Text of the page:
I’ve heard that the high humidity of this area of Texas makes the winters feel colder than they really are, just as it makes the summers feel hotter. This weekend, I drove north so I could see some real snow. I visited the Palisades near Sioux Falls, South Dakota. The weather history says it was about 15 degrees Fahrenheit while I was there, but it didn’t feel that cold. I’d compare it to 30 or so here. It seems to me that cold temperatures do feel colder here than other places. Now I know why the humidity makes the heat more intense. How does it affect the cold?
What was the relative humidity in each location at the time? Cold air holds a lot less moisture than warm air, which is why most furnaces have the option to install a humidifier. The otherwise natural cold air doesn’t have the same humidity.
I ask that as an aside, because in really cold weather, I’ve never really noticed a difference in humidity affecting my own subjective feel. A light breeze can change things drastically, though.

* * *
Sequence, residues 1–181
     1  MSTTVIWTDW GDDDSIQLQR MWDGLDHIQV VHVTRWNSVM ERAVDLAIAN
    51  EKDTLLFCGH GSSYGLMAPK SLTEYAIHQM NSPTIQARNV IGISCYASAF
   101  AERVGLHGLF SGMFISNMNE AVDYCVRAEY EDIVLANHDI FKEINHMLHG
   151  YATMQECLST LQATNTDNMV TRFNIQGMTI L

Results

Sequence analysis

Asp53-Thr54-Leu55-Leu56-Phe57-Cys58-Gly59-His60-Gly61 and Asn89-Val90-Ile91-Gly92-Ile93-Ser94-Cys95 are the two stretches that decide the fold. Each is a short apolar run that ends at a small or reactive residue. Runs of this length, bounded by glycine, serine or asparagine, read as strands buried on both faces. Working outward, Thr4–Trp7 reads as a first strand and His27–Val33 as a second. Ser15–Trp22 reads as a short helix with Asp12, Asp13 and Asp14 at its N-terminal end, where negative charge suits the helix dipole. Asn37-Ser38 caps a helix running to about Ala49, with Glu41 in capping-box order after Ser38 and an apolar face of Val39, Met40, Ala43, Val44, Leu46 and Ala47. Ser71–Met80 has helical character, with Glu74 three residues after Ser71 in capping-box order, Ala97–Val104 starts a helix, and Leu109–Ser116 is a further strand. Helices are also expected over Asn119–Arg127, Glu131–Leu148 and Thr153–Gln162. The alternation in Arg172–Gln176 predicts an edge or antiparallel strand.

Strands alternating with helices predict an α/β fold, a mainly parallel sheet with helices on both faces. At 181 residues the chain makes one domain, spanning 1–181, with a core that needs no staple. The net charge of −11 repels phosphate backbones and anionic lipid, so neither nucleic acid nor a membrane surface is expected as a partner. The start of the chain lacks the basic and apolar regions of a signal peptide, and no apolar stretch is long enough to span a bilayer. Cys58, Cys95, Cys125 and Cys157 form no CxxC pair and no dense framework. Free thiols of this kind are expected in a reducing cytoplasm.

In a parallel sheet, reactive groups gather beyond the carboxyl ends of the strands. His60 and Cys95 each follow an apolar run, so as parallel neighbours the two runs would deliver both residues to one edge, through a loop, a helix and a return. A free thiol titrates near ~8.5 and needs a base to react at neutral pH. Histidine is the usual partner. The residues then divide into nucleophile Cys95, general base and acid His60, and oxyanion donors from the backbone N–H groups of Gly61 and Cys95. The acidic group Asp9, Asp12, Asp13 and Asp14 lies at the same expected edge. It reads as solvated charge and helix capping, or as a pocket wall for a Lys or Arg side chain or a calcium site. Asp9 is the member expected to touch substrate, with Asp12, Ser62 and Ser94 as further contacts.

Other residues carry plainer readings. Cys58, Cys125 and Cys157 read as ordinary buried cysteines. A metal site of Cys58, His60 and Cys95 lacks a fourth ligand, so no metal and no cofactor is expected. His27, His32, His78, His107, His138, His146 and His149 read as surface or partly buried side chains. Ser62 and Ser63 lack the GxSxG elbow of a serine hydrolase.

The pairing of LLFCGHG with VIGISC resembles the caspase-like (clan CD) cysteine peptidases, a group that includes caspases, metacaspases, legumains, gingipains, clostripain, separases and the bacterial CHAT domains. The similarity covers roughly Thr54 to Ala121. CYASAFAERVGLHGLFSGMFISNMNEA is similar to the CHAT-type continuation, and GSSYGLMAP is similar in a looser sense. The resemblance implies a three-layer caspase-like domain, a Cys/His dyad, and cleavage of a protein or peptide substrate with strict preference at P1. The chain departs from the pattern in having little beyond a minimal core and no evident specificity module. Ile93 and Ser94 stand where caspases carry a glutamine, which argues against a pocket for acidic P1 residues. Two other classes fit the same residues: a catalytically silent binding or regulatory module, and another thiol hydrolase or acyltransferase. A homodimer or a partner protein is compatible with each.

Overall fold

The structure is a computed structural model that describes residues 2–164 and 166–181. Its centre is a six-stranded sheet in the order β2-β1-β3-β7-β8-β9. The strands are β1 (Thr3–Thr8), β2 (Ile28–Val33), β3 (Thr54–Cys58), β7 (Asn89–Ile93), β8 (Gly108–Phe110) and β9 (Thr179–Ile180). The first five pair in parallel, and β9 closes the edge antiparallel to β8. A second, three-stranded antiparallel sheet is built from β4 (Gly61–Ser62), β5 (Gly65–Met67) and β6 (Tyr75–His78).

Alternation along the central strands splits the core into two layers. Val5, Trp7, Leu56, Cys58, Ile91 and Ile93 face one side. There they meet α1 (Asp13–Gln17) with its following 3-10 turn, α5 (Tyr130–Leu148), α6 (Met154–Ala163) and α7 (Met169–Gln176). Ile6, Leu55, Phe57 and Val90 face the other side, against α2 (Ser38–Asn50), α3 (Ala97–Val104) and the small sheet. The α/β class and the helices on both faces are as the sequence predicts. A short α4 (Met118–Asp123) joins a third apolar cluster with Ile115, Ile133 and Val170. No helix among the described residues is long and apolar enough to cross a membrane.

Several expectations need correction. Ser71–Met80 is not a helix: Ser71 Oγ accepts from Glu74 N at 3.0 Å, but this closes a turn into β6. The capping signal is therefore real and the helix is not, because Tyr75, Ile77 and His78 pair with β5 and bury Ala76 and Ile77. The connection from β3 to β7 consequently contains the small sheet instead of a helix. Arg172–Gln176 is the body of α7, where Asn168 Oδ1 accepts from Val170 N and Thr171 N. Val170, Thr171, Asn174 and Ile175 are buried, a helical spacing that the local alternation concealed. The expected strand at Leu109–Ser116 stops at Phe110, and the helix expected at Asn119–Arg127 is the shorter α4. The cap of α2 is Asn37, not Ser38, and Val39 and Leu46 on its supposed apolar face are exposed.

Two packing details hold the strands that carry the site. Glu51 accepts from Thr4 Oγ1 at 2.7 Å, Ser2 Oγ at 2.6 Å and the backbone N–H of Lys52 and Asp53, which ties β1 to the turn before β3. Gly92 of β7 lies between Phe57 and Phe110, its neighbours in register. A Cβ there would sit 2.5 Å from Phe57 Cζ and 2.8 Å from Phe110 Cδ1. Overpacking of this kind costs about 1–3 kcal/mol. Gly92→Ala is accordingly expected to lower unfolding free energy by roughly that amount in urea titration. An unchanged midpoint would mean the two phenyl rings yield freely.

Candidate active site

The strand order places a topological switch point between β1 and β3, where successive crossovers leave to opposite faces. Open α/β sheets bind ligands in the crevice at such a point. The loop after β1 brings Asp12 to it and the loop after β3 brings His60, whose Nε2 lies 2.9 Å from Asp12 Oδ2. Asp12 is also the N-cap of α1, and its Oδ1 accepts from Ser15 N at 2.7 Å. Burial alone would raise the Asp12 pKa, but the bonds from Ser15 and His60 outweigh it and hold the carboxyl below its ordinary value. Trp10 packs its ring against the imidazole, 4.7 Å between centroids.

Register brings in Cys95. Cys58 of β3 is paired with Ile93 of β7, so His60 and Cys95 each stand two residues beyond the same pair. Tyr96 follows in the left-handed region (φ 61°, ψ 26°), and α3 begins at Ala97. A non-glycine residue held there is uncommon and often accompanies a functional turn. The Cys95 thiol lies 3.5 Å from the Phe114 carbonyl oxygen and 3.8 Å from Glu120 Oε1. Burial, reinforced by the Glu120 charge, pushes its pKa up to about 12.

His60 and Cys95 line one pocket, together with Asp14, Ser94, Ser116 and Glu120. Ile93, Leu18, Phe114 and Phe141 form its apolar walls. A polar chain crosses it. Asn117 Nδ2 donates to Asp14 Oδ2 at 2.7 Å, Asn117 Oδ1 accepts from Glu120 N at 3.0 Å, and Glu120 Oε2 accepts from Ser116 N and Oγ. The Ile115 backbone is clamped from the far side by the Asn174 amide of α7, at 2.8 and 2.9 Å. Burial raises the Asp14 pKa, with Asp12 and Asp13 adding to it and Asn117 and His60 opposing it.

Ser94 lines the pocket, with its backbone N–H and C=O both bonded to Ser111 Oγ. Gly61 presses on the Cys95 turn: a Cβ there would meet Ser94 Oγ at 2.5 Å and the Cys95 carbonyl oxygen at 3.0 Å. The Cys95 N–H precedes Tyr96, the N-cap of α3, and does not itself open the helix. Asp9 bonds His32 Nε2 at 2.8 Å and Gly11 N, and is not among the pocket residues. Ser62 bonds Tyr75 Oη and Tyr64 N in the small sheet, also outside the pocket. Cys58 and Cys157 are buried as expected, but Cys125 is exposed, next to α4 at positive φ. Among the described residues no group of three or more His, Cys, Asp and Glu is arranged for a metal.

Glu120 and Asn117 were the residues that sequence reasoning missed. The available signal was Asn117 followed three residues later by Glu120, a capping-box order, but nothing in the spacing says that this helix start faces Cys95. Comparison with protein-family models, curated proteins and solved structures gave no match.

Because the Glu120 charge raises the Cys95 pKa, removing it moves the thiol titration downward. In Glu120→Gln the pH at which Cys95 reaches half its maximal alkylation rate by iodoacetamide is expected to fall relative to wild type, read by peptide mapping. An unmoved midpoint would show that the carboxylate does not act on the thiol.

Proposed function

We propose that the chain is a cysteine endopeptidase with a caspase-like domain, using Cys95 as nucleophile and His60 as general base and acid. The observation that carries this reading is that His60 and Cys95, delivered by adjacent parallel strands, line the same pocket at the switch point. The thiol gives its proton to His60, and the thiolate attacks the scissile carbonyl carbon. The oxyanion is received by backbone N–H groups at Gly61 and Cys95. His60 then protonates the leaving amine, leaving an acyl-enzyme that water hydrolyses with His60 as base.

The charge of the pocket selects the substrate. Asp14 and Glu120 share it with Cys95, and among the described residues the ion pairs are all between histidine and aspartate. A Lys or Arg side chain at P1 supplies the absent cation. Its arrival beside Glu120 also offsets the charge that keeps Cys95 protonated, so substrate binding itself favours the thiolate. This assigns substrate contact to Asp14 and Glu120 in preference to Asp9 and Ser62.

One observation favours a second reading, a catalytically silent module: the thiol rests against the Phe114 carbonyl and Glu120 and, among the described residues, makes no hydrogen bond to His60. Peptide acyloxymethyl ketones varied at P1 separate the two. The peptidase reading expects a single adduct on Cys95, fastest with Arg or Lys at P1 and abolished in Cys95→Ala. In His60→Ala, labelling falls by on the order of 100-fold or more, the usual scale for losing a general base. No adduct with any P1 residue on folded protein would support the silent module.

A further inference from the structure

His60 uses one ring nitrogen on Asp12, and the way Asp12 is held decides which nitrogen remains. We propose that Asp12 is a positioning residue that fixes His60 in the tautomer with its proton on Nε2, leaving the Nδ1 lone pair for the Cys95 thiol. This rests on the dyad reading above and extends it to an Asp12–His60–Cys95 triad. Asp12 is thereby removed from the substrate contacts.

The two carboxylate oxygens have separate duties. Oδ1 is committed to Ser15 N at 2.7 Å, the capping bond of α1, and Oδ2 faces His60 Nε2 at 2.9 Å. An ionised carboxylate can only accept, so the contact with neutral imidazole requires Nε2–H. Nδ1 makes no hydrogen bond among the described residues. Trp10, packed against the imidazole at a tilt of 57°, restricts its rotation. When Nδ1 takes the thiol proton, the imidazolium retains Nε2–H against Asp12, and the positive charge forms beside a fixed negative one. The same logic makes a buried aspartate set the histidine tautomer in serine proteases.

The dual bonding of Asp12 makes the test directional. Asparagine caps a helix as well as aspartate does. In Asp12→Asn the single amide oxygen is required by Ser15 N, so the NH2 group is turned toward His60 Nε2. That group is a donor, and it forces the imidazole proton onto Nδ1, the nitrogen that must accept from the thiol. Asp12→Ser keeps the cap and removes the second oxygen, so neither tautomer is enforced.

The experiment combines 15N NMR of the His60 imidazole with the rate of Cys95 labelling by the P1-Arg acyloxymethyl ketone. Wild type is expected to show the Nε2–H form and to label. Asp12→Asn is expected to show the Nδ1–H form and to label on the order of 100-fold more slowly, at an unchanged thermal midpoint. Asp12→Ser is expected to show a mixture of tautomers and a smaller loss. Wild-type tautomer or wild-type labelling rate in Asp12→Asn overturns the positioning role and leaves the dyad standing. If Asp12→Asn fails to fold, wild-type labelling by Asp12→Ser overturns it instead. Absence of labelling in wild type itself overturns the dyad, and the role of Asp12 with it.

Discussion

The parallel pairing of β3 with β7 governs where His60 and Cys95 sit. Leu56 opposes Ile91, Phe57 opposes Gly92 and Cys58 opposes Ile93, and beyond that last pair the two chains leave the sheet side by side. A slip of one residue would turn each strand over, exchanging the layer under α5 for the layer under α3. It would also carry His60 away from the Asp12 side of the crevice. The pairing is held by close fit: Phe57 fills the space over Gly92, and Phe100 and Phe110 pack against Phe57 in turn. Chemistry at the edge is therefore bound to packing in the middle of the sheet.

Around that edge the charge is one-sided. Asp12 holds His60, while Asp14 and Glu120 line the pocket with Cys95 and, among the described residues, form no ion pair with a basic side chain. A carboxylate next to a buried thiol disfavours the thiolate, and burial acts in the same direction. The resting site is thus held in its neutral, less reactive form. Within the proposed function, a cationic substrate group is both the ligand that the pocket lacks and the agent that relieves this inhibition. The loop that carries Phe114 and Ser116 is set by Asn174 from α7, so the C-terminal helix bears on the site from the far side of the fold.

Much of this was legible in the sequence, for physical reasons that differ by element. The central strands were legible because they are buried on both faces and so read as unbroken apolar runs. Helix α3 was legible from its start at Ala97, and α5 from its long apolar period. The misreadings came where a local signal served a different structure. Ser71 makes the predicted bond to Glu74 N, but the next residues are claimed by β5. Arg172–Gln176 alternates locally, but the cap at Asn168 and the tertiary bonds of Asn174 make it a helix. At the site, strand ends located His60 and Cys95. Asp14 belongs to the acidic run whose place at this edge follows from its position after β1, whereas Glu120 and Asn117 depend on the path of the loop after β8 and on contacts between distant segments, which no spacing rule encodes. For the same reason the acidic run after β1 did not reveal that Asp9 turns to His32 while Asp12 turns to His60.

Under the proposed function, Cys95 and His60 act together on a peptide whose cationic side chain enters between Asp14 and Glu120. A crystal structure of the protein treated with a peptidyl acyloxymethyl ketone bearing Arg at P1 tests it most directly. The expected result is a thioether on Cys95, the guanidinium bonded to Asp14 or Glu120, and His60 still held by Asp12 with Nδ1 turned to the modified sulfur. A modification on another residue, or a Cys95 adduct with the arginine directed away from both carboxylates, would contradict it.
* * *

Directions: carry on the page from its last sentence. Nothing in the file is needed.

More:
Ya know, looking at it, it was a bit closer than I thought. It was 21 degrees here with 71% humidity. It was 16 there with 76% humidity. That’s probably fairly close in absolute humidity. I didn’t realize it was that cold here today. It certainly felt colder here though, even in the somewhat heated shop.
High relative humidity at low temperatures does feel colder though, due to the conduction of heat away from the body (water is a good heat sink).
I don’t think the effect has been calculated the way windchill and heat index have been though.
Except for the fact that, all else being equal, dry air has slightly higher thermal conductivity than humid air. (Most people believe the opposite is true.)